Nothing more than a well-made knock-off of 80s Van Damme action/drama pulp. Now I'm all for tributes to oft-maligned genres, but it only works when there's some twist of creativity at the core. Here the filmmaker decides to neglect creative spirit & stick to the tropes of the originals, all for retro-authenticity. It's a shame, because it's a very well thought out film. However, ultimately the meticulousness and the visually striking cinematography still lead to a movie that's a waste of time.
Simultaneously a glorious bath in the conventions of the 80's car action flick, and a relentless deconstruction of it, Nicolas Winding Refn crushes in his display of the three most important words in cinema: "Show, don't tell". Drive is the most beautifully ugly film of 2011.
Frankly, Refns' previous film "Bronson" was child's play in the wake of this piece of monumental artistry. In retrospect, the genius of Nicolas Winding Refn is in its most utmost illumination. Given that generally much regarding the written tangent of the film is fundamentally a modus operandi Hollywood orthodoxy, it clearly fortifies Refn's masterful reign of cinematic finesse; his stylistic prowess firmly erected. He didn't do this on his own, Gosling and Mulligan exhibited unwavering purity.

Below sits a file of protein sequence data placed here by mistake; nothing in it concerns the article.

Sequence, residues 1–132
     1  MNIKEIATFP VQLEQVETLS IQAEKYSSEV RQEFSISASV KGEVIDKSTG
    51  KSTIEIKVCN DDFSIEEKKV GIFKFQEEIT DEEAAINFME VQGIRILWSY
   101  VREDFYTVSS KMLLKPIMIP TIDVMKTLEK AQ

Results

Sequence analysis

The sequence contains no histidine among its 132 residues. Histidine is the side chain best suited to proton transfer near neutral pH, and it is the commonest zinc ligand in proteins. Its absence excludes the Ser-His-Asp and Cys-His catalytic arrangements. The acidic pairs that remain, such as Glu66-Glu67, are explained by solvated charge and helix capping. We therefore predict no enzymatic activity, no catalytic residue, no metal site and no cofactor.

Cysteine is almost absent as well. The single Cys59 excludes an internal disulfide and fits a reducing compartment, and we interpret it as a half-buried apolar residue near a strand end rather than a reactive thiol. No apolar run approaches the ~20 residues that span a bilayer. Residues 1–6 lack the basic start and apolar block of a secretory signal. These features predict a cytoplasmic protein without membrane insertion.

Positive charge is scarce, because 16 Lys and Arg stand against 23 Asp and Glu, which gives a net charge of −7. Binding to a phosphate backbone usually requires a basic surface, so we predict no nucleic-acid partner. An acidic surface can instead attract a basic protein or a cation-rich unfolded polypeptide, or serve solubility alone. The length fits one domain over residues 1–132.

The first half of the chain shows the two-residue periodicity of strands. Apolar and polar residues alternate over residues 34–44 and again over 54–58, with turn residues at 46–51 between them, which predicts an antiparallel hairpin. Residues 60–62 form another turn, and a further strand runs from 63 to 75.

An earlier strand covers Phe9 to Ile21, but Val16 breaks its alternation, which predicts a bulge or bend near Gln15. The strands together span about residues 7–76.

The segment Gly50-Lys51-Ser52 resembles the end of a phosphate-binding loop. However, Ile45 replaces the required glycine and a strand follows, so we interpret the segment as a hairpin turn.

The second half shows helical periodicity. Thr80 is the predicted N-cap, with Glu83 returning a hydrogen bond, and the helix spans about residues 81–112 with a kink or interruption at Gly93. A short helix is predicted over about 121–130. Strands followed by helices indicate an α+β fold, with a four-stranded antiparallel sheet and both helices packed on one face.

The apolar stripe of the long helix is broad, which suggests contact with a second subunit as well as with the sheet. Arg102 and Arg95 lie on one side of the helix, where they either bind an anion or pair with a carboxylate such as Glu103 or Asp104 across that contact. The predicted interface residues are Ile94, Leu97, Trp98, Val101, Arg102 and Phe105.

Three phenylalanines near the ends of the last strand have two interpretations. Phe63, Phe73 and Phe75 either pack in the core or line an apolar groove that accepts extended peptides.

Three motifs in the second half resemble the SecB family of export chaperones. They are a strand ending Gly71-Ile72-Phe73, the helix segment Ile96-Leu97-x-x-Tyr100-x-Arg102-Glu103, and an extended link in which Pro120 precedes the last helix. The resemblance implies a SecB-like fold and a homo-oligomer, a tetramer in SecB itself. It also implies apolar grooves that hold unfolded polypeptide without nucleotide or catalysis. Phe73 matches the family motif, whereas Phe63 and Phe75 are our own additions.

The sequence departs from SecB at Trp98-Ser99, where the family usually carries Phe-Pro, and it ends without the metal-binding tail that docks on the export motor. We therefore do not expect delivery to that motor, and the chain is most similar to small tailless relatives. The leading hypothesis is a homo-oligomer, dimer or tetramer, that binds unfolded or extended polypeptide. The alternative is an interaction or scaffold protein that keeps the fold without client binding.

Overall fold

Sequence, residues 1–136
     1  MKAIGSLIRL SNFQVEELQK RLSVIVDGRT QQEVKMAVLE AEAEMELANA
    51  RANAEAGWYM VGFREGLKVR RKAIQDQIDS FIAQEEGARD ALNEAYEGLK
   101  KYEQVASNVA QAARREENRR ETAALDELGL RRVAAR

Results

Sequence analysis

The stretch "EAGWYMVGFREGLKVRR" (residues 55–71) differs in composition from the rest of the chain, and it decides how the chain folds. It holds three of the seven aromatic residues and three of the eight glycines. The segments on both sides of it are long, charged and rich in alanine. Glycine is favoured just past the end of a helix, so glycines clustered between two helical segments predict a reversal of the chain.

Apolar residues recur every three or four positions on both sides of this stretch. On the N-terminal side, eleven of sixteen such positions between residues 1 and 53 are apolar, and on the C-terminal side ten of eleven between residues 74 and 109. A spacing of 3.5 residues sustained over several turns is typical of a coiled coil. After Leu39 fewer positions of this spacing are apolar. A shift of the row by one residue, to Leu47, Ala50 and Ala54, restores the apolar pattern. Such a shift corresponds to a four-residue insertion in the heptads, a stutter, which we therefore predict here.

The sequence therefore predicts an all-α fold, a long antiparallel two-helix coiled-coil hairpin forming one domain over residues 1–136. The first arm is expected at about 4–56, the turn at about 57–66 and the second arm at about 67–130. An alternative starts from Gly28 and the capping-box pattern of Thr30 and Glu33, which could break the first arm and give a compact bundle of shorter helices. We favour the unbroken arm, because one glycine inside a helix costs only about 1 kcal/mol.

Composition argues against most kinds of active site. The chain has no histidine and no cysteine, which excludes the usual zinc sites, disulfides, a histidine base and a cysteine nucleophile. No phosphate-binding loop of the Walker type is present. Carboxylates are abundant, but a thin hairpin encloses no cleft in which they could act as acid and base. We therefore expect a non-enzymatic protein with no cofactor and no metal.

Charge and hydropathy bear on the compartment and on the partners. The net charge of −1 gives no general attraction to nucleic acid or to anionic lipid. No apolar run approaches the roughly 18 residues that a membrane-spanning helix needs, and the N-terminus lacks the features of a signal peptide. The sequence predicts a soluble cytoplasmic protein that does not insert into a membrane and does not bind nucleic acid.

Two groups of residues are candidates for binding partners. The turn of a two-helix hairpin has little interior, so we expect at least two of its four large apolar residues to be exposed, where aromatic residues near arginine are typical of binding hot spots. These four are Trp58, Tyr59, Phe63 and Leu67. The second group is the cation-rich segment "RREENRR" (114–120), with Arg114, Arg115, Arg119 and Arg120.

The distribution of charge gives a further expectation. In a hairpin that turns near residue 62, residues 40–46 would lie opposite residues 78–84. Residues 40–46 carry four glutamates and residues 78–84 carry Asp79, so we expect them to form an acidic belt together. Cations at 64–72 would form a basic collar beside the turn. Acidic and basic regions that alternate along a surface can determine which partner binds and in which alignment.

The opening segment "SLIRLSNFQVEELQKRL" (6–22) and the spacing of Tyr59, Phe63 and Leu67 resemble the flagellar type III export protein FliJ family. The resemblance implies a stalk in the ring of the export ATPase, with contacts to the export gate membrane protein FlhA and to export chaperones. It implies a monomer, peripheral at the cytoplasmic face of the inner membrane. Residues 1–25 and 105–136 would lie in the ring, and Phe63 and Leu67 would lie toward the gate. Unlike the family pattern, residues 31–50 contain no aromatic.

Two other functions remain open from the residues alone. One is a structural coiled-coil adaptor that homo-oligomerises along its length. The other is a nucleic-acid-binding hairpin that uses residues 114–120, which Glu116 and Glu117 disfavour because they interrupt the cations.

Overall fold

my expectations to this movie - was sky high.
So I was a little disappointed, however...
This is by far the best movie that has come from Danish director Winding Refn's hands.
It is original and way different from the usually big bang explosion in your face movie... but then again the violence explodes onto your face... it is not for everyone, but for us movie geeks it is pure art.
And Gosling totally rocks
Everything here -- from the Driver's few, objective lines to the eruptive violence of the second half -- just leaves you goddam stunned -- or stoned, whatever: the dark neon cinematography, the slow, soundtrack-driven narrative, and the perfect atmosphere (with sparse lights and a great amount of shadows) of a somber man -- he's the new God's lonely man. This is the most stylish action film since Heat.
Drive is exceptionally stylish, features a strong synthetic soundtrack, and makes effective and powerful use of violence by interspersing it with terse character development. Gosling's stoicism has astounding weight, and both he and Mulligan deliver powerful performances with very little dialogue. However, and perhaps due to the muted nature of its leads, the film feels somewhat superficial, and though it is aesthetically pleasing it doesn't have enough emotional depth to really move me.
Self-conscious attempt to remake a Jean-Paul Belmondo gangster film without Jean-Paul Belmondo. Although packed with style, through an inexplicable 80s filter, and featuring some tension-filled scenes, I found it overall to be hollow and exploitive. I hope that someday, as a culture, we can all look back on cheap, bloody, amoral storytelling like this and be embarrassed. Surely, Perlman and Brooks, always seeming on the verge of cracking up, already are.